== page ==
But i guess those stimulus checks that trump forced his signature onto were not an attempt to buy votes? Hypocrite.
Or the billions in additional farm subsidies to stem losses from the tariffs and the pandemic. $30+ Billion in 2020 alone. Trump was on record as being hopeful farmers would remember at election time.
I have a suspicion that Powell’s especially hawkish tone was partly inspired by the student loan deal, which I am sympathetic to (maybe should have had a lower income cutoff for eligibility for it), even as I think the inflationary impact of that deal is being exaggerated by many.
Brucey? Haven’t you been paying attention? CoVid already tried to pretend student loan forgiveness is inflationary. Didn’t work. Or is the troll choir under orders to keep up this noise? Anyhow, this was my answer to CoVid, and it’ll do for you, as well:
Goldman and BoA, who are smarter than you, conclude student loan forgiveness is likely to be slightly disinflationary:
More importantly, the analysis concludes that macroeconomic effects will be small – about 0.1% of GDP in the first year, less in subsequent years. CoVid (now Brucey) this is an economics blog; you want to explain how student loan forgiveness will have a big inflationary impact when the overall ecominc impact is small?
You may be tempted to crib from a crft report which argues that student debt forgiveness will prove inflationary, since this is apparently the source of much of the press coverage:
Problem is, some serious questions have been raised about the crft report:
Now, I don’t see a link on the crfb site to the math behind the report, but Mike Konczal and Alí Bustamante seem to have found it. They cite a few assumptions in the crfb analysis which seem quirky, to say the least. First, they assume the forgiven payments will be spent, not saved. Second, they use a budget convention to assume all of the repayment of debt would have take place in the first ten years (the CBO budgeting period) rather than the actual lifetime of debt repayment. Finally, they assume 90% of the impact of increased spending would be through inflation, 10% through real consumption. These three assumptions interact (you do understand how yes?, Or should I explain this, as well?) In sum, the big splash of ink in the press about the inflationary impact of debt forgiveness is based on assumption cnompounded by assumption. Change the assumptions, and the inflation disappears.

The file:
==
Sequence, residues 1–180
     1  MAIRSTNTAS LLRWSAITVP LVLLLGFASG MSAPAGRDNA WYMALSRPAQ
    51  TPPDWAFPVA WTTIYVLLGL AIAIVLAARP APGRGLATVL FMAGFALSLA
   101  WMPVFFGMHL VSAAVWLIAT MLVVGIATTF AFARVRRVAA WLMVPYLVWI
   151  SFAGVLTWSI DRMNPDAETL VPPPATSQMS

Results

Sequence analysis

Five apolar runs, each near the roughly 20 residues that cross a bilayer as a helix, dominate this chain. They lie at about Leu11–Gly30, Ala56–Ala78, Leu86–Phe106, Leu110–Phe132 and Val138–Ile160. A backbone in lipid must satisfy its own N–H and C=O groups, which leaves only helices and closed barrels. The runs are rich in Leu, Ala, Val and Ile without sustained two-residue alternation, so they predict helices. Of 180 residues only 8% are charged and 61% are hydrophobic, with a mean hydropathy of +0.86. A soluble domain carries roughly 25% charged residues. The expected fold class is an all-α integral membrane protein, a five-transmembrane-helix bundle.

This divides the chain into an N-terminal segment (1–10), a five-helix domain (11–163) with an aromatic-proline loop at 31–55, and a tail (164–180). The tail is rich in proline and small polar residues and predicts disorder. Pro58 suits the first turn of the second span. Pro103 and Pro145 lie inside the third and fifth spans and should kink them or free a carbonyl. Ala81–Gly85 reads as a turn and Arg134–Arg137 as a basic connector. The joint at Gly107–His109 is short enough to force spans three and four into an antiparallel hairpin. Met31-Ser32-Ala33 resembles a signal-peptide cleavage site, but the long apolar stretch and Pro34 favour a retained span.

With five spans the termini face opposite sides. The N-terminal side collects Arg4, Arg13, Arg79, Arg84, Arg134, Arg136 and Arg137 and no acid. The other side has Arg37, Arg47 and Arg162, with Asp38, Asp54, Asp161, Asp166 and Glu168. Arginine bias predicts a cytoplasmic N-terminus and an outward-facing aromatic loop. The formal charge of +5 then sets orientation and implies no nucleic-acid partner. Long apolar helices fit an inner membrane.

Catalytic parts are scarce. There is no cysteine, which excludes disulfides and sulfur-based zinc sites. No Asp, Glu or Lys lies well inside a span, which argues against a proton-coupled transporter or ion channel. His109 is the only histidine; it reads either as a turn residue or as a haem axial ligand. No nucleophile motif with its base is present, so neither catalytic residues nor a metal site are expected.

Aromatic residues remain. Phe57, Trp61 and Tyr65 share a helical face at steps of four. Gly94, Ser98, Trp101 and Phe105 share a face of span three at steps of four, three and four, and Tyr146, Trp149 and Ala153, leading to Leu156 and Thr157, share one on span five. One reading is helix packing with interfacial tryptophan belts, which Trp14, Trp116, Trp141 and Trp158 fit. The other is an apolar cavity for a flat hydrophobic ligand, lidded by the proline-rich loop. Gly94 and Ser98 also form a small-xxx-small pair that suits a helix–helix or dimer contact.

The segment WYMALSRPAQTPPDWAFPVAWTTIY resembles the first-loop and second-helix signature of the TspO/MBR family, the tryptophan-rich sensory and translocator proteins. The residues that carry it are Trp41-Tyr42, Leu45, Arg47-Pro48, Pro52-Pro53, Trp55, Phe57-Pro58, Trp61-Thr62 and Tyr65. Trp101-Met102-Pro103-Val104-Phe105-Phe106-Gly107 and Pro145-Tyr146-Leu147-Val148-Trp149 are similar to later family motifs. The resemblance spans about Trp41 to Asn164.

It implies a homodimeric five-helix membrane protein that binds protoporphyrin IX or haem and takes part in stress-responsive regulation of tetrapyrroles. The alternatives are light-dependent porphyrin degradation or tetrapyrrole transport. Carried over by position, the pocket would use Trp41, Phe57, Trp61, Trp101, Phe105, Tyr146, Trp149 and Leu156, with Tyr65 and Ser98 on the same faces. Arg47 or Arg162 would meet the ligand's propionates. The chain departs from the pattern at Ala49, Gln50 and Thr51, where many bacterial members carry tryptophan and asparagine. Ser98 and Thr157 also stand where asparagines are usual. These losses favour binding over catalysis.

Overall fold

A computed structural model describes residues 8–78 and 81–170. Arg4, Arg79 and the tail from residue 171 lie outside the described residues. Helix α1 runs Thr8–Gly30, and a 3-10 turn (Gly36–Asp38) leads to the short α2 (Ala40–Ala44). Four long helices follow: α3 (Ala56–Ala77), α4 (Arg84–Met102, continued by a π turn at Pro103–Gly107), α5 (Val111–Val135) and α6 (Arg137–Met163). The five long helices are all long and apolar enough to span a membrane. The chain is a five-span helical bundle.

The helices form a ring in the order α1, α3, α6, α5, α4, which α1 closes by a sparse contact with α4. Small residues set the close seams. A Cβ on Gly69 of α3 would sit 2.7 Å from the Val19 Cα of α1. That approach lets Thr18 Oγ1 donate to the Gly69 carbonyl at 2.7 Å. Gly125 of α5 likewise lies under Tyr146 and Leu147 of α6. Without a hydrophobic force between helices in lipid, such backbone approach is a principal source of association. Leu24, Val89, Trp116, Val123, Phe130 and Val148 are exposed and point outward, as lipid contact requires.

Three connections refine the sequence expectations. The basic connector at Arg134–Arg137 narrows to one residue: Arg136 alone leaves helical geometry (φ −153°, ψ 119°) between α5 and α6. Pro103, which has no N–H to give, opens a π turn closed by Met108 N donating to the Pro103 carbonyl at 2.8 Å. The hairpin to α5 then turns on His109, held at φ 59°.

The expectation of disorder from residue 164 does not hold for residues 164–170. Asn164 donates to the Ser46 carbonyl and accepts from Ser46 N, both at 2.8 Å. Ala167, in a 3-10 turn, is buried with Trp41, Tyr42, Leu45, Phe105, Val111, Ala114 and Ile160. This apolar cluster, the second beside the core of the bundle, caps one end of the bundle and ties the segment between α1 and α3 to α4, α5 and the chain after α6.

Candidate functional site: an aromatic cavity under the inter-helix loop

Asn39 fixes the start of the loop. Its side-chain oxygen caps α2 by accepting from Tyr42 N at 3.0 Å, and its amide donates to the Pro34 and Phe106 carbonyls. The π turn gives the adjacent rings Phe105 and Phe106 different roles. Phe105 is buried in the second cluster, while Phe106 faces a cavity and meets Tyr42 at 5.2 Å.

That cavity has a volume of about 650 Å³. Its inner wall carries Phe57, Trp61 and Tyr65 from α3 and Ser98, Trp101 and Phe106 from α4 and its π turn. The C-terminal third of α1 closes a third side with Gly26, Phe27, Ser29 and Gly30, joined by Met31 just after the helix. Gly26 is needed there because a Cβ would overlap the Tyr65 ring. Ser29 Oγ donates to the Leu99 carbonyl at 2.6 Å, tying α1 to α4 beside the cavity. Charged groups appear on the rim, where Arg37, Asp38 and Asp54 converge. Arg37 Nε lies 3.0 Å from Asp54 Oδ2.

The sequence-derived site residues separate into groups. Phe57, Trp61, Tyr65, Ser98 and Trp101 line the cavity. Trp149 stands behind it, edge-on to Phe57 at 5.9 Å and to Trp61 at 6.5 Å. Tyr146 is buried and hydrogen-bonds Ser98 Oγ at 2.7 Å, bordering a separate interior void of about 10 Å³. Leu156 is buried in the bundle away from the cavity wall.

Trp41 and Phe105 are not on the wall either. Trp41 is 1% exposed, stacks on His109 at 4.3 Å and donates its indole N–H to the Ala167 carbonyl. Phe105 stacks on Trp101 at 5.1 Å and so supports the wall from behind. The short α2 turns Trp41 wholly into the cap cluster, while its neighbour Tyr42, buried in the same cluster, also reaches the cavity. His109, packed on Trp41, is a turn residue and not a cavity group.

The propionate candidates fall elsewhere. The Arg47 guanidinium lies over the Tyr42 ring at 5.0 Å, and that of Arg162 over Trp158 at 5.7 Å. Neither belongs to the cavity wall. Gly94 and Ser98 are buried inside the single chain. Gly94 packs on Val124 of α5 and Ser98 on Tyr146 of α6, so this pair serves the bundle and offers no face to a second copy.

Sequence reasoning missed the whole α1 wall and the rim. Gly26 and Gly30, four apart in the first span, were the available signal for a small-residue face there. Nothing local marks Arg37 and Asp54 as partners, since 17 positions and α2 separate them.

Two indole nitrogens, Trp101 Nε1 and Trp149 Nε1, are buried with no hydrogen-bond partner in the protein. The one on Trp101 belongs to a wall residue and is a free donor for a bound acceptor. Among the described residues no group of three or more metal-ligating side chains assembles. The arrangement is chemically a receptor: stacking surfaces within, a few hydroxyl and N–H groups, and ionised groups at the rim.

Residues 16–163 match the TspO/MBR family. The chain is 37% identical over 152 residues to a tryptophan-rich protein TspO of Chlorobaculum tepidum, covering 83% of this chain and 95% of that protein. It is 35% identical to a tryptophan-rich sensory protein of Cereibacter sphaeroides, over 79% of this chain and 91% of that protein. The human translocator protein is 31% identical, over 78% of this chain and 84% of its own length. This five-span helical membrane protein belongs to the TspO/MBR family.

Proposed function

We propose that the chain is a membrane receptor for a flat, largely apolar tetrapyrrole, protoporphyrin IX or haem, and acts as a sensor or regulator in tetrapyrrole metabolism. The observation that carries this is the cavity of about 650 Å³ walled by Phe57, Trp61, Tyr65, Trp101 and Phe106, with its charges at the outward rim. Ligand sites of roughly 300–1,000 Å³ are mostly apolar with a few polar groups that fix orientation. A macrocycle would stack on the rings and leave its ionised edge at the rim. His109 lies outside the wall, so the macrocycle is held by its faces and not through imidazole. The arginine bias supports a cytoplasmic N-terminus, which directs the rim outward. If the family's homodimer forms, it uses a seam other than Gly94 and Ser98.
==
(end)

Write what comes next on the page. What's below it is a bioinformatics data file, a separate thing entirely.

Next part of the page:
Brucey, if you can’t be bothered to make up new bogus accusations, it’s even easier for me to make you look silly.
I provided the links. You may not agree with the links and that is fine. However, there always seems to be significant disagreement among “experts” regarding the outcome of government programs. So I guess we’ll have to see 1) if the loan “forgiveness” passes the court tests and 2) if Congress is willing to fund it. We all know that an EO won’t be enough on this one.
No. Experts seem in general agreement that the economic impact of student loan forgiveness will be small. When you sad loan forgiveness would add “few extra points of inflation”, you were claiming that the inflationary impact would be larger than the entire projected economic impact. A “few extra points of inflation” is more than any forecast in any of the links you provided – to non-expert journalists, or that I provided.
By the way, nice use of the main tool of “fake science” – “Experts disagree!!!”
‘I provided the links. You may not agree with the links and that is fine.’
Since Bruce Hall always is too stupid to read his own links, I don’t understand why Macroduck expects Brucie to read informed discussions Macroduck provides. Bruce Hall is totally incapable of actually reading informed discussions.
The not much talked about item associated with the debt deal that pretty much removes most and maybe more than all its potentially inflationary effect is that as of December, people with student debts will have to resume making payments on them. The pandemic moratorium on those payments will be coming to an end, conveniently the month after the midterm elections, although nobody will have their debts actually concelled until after the elections either, noting this given that you often comment on how these things will affect those elections..